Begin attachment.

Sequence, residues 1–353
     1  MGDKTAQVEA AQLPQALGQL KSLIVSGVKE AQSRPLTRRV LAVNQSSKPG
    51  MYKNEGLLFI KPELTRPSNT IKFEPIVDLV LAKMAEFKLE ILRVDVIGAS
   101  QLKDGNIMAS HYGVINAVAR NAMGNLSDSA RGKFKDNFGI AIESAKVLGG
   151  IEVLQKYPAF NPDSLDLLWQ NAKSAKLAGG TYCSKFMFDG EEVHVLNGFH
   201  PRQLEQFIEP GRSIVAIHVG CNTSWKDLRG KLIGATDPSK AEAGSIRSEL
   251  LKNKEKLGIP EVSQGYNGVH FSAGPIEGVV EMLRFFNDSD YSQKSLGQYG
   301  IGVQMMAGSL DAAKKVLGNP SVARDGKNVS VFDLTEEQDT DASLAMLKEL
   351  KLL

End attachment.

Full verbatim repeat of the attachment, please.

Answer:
Sequence, residues 1–353
     1  MGDKTAQVEA AQLPQALGQL KSLIVSGVKE AQSRPLTRRV LAVNQSSKPG
    51  MYKNEGLLFI KPELTRPSNT IKFEPIVDLV LAKMAEFKLE ILRVDVIGAS
   101  QLKDGNIMAS HYGVINAVAR NAMGNLSDSA RGKFKDNFGI AIESAKVLGG
   151  IEVLQKYPAF NPDSLDLLWQ NAKSAKLAGG TYCSKFMFDG EEVHVLNGFH
   201  PRQLEQFIEP GRSIVAIHVG CNTSWKDLRG KLIGATDPSK AEAGSIRSEL
   251  LKNKEKLGIP EVSQGYNGVH FSAGPIEGVV EMLRFFNDSD YSQKSLGQYG
   301  IGVQMMAGSL DAAKKVLGNP SVARDGKNVS VFDLTEEQDT DASLAMLKEL
   351  KLL